Ethnographic and Naturalist Writings

The genre of literary ethnography is the written description of peoples, cultures, and societies. It involves a wide variety of styles and can be adapted to many different purposes. Descriptions of nature–naturalist writings, or natural histories as they are sometimes called–have a similar character. Descriptions of the land, its peoples, and its natural resources are central to narratives of contact and exploration and dominate promotional writings designed to encourage investment and colonization. They are often enthusiastic in tone.

Another tone of this type of writing uses religiously inflected language of wonders and portents, sometimes associated with demonic influence. Drawing on folk beliefs as well as Christian traditions, they recorded observations in a quasi-scientific language influenced by the rise of empiricism, but they applied that language to events, or objects, that were not empirically observable in any direct way.

Eighteenth-century writings distinguished from these earlier works by a deepening empiricism and a complexly self-reflective tone that is often manifested through humor. Travel narratives pay substantial attention to the communities and landscapes they encountered on their journeys, offering rich instances of authors seeking new ways to understand cultures and natural environments.

First Encounters: Early European Accounts of Native America

European voyagers and colonists began writing reports on their ventures. They especially wrote about the land because that is what they wanted to colonize and use for profit. The Native peoples soon became an immense curiosity. Anthropology, as various scholars have argued, was created in the expansion of Europe to the West after 1492. Writings of initial contact between Europeans and Native Americans are often called “First Encounter” writings. European ideology allowed no place either for this other hemisphere or the peoples that dwelled in it. They wondered why Indians weren’t mentioned in the bible. Descriptions of Indians led Europeans to question what were essential human traits.
Common themes were greed, vulnerability, jealousy. European incursions soon became major factors in the economic, political, medical, and cultural life of tribal groups. The sheer geographical range of the phenomenon was enormous. Colonizers took advantage of existing group grudges between the natives. That Hudson’s crew exploited not only weaponry but also liquor as tools for dealing with the Natives reveals the unscrupulous methods often employed by their successors. Much land and people were destroyed. Empire is always implicit or explicit in these texts.
One similarity between explorers Hudson and Champlain is the amount of violence that accompanied their penetration into Native lands. It is crucial to put early American violence into a proper historical context. It occurred on both sides, although European apologists often sought to blame it on Native resistance or what they soon were describing as the inherent “savagery” of the Native peoples. The Iroquois had been carrying out aggressive warfare against other Native peoples, including those of eastern Canada, when the European powers first ventured into that part of the continent. They therefore were much feared and much resisted.
Even without European involvement, intertribal wars in this region could be bloody and widely destructive. However, it is also clear that the coming of Europeans into Native regions exacerbated pre-existing tensions. The presence of Europeans deepened and sharpened Native-on-Native violence. Furthermore, the Europeans not only caused an escalation of Native violence, but also brought their own traditions of bloody warfare with them. Native Americans of the conquest period typically waged war in a restrained, even ritualized, manner as compared with Europeans. But in conveying the Native perception that English warfare was evil because it killed too many people, Underhill provided evidence of the savagery of which European settlers were capable.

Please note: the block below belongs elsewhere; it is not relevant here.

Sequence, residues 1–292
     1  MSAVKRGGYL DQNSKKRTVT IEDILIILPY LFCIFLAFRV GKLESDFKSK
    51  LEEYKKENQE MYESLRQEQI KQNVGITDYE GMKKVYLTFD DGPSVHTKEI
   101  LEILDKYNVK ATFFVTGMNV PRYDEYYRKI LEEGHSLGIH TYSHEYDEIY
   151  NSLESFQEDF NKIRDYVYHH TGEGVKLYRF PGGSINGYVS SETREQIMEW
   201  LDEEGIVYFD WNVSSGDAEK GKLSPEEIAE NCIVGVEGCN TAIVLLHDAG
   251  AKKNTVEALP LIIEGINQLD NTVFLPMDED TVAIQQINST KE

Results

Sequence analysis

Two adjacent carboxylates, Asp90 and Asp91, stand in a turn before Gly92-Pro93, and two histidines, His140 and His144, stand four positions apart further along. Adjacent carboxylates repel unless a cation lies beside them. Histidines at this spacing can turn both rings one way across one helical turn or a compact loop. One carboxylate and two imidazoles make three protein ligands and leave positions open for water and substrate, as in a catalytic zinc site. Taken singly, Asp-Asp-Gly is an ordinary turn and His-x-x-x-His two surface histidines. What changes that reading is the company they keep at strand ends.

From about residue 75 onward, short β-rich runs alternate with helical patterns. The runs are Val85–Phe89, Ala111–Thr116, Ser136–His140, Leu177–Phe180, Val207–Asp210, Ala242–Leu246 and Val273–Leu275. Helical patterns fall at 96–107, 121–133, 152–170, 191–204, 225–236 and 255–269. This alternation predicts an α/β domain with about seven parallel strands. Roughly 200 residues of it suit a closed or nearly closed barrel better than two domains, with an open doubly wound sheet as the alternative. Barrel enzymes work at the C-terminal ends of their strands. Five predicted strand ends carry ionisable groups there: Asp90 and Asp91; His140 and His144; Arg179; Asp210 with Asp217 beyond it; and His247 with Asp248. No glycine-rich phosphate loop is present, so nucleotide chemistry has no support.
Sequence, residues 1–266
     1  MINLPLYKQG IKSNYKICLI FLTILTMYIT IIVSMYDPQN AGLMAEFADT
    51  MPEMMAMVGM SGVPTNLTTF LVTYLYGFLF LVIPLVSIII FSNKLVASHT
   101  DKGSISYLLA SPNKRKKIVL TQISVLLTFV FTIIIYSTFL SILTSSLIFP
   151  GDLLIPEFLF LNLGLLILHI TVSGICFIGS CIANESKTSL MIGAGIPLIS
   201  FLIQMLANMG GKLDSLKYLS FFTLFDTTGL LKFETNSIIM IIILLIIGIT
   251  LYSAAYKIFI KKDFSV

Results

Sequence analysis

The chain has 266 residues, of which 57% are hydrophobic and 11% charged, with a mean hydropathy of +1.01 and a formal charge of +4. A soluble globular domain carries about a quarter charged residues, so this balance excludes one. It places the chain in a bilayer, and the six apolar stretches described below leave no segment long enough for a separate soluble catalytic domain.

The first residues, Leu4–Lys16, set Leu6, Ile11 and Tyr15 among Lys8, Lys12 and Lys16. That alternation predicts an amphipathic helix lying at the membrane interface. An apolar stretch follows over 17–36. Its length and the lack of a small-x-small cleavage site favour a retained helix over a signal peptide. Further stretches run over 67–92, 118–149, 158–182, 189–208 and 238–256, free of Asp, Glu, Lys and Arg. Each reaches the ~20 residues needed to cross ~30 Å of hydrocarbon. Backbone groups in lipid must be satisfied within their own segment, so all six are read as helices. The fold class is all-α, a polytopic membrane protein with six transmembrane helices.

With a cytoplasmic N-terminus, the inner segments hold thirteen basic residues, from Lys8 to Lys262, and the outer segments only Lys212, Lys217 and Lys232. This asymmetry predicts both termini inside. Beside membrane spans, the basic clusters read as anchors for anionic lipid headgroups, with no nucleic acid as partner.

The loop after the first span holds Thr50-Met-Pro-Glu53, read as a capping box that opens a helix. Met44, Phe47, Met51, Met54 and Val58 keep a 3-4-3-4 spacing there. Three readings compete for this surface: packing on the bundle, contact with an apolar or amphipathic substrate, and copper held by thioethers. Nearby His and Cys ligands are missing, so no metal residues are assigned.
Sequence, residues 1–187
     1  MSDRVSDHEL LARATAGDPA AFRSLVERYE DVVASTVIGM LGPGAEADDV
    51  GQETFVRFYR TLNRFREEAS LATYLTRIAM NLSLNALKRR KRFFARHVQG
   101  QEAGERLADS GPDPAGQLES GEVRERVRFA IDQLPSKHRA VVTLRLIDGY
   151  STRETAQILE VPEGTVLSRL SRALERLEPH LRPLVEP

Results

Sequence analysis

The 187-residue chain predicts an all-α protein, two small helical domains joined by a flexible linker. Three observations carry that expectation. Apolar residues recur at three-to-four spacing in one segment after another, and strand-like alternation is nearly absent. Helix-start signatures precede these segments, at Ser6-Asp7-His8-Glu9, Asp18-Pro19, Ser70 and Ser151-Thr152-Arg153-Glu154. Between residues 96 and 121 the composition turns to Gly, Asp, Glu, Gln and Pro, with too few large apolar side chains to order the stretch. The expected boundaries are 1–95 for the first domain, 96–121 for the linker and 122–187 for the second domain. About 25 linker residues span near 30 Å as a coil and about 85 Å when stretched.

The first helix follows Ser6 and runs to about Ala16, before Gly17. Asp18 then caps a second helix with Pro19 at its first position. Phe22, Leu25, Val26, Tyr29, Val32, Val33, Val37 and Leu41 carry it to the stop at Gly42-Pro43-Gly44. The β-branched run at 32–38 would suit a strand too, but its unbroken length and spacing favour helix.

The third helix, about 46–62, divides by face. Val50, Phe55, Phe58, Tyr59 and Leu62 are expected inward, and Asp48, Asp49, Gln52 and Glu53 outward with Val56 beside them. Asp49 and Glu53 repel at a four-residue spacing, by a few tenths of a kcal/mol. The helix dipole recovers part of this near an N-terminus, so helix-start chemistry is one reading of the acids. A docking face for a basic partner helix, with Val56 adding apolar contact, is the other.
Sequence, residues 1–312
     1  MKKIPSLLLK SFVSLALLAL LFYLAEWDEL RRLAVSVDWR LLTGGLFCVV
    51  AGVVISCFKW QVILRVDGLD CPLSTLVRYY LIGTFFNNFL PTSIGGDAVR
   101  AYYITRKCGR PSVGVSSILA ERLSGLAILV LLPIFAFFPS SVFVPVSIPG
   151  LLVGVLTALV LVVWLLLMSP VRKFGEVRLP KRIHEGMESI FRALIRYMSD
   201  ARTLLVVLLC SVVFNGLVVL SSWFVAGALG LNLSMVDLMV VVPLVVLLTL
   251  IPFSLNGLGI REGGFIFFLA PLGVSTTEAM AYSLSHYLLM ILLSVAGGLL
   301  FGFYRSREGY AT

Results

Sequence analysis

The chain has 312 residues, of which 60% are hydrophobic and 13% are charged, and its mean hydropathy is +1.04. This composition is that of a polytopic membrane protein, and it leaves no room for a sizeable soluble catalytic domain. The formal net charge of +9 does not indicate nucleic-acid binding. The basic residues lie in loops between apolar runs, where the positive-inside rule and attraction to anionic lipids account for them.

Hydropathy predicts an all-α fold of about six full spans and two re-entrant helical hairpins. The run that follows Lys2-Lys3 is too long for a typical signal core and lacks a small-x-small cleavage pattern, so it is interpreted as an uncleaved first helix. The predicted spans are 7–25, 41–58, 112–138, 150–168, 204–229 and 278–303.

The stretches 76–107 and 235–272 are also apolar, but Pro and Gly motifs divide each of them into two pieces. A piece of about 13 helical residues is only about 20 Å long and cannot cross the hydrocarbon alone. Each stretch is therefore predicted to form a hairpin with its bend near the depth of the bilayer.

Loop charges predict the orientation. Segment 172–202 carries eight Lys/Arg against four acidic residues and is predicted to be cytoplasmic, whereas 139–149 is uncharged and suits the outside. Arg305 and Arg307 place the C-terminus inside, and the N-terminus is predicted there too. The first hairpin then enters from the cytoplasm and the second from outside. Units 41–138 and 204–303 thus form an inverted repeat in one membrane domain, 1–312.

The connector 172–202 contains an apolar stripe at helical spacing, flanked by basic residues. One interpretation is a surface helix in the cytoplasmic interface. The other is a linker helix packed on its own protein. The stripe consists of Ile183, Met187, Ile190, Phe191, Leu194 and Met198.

Christopher Columbus: 1451-1506

Born near the Mediterranean port of Genoa. Wanted to find a commercially viable Atlantic route to Asia, and in 1492 won the support of the Spanish monarchs, Ferdinand and Isabella, for this “enterprise of the Indies.” Series of four voyages between 1492 and 1504 provided a brief period of wonder followed by disaster and disappointment. Taino Indians of Hispaniola were the first to find trouble with the settlers Columbus left behind. When Columbus returned to see the progress of the new settlers there were none left. He tried to begin a second settlement here but it fell into such disarray that he was forced to return to Spain to clear his name of charges set against him by other Europeans in the West Indies. On his third voyage he found South America. When he returned again to Hispaniola, he found Spanish settlers there who were against Columbus. He felt he could only solve this problem by allowing the Spaniards to enslave the Tainos while he himself was sent back to Spain in chains to answer to more charges. His last voyage, in order to clear his name, resulted in a long period of suffering in Panama and shipwreck in Jamaica and a mental breakdown. He was eventually rescued and returned to Europe where he died. The West Indies remained disorderly and bloody. A letter sent by Columbus to Luis de Santangel, a royal official and early supporter of his venture, provides a more authentic account and served as the basis for the first printed description of America, issued in 1493 in Spain and widely translated and reprinted across Europe.

The Arawaks of the Bahama Islands were much like Indians of the mainland: remarkable for their hospitality and their sharing. Columbus wrote in his journal:

“They… brought us parrots and balls of cotton and spears and many other things, which they exchanged for the glass beads and hawks’ bells. They willingly traded everything they owned… They were well-built, with good bodies and handsome features… They do not bear arms, and do not know them, for I showed them a sword, they took it by the edge and cut themselves out of ignorance. They have no iron. Their spears are made of cane… They would make fine servants… With fifty men we could subjugate them all and make them do whatever we want.”